Apple on Wednesday unveiled a new security feature that restricts some device functionalities in an effort to make it less likely for consumers to fall victim to sophisticated spyware. The new function, dubbed “Lockdown Mode,” tries to combat the emergence of sophisticated hacking tools that are occasionally used by governments to seize control of a person’s device. Such software frequently enables governments to intercept a smartphone’s surroundings or even force it to read text messages and emails.
Since cybersecurity experts generally give iPhones excellent marks, politicians, activists, and other prominent individuals frequently use them out of concern that they might be the target of hackers looking to eavesdrop on them. As a result, there is now a cottage industry of mercenary spyware firms that hunt down or purchase Apple’s iOS smartphone software flaws and then bill governments for the ability to hack virtually anyone’s phone.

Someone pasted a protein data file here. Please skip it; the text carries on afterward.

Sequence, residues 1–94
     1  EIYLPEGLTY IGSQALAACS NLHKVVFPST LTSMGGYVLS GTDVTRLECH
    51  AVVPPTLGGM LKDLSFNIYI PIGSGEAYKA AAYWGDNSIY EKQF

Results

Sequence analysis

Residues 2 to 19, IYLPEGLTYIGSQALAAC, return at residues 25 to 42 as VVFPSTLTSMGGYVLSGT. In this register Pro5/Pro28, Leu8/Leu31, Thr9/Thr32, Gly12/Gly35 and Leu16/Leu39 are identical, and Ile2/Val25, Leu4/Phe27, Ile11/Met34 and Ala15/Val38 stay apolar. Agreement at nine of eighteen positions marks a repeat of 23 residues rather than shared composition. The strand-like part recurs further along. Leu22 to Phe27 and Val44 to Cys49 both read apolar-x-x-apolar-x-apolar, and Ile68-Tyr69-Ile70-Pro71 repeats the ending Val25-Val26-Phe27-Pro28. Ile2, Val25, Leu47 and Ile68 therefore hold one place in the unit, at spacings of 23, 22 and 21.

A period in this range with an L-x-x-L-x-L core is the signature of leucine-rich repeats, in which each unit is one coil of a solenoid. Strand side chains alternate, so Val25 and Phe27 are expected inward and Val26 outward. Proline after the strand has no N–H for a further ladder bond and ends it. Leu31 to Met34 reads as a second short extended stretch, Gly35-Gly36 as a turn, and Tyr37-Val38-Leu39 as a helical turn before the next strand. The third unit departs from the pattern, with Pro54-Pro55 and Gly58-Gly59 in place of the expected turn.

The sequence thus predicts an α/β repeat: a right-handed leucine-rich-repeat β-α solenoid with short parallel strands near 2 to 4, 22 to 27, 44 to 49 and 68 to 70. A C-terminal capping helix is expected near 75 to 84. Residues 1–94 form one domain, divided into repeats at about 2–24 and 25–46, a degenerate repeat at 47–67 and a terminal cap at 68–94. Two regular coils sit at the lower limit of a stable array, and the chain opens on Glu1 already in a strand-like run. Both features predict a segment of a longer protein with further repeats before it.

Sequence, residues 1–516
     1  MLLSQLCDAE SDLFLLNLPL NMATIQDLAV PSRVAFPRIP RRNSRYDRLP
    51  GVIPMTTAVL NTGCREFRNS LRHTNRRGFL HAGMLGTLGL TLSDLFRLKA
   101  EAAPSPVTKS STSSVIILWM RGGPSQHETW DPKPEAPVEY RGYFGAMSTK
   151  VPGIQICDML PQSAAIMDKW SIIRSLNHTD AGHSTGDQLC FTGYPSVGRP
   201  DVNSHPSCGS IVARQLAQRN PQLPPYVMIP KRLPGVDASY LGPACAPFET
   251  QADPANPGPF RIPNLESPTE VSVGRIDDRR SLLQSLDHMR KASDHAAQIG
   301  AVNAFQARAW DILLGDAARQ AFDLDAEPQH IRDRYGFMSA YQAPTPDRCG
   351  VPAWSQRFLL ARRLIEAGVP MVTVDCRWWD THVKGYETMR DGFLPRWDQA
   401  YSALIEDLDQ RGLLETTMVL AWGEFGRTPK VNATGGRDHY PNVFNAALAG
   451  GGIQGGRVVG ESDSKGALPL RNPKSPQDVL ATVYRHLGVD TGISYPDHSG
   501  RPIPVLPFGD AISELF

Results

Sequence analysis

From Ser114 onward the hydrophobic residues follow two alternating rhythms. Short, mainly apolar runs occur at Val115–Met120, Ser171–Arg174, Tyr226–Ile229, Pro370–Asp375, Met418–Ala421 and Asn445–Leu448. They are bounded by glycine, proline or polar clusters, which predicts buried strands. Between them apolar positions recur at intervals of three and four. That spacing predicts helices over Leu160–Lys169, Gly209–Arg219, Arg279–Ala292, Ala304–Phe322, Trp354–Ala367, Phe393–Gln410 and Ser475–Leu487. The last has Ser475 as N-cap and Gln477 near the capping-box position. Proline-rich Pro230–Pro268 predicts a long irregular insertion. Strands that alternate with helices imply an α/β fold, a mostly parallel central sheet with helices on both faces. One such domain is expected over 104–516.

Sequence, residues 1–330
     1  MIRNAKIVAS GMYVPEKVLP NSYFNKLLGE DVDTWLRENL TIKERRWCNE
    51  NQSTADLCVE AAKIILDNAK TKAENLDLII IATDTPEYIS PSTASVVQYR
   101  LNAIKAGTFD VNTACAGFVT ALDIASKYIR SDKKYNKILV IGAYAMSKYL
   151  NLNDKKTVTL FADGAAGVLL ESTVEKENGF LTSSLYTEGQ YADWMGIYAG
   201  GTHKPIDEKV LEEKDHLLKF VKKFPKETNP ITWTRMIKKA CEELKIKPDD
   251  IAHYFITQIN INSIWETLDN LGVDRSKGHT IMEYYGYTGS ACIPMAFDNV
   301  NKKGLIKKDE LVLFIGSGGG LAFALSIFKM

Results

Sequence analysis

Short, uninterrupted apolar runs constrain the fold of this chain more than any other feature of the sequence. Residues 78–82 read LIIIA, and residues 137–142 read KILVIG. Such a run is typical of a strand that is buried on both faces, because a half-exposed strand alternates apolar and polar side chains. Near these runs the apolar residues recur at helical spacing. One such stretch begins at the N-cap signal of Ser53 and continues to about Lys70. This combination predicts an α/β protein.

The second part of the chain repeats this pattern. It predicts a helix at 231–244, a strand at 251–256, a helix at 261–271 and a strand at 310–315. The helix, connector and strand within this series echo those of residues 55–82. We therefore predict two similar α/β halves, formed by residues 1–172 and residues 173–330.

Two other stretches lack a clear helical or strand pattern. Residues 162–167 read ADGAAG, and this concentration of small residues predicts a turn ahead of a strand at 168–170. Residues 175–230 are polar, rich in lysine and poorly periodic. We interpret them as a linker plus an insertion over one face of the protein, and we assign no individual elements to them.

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Lockdown Mode restricts a number of functions that malware organizations have previously used to infiltrate users’ iPhones, such as accepting FaceTime calls from unauthorized users or instantly loading preview links from message senders. “An severe, optional safeguard that should only be activated if you fear you may be personally targeted by a very sophisticated cyberattack,” according to Apple, describes the features.
It will also prevent iPhones from communicating with any devices that are manually attached to it. As a result, it is no longer possible for many police agencies to connect a suspect’s iPhone to a digital forensics tool in order to look for evidence. The most frequent methods through which police have discovered digital evidence in cases involving abortion are forensics technologies. According to Emma Weil, a policy analyst at Upturn, a nonprofit organization dedicated to harnessing technology for social justice, the new function may be used to protect those who seek abortions in jurisdictions where doing so is prohibited.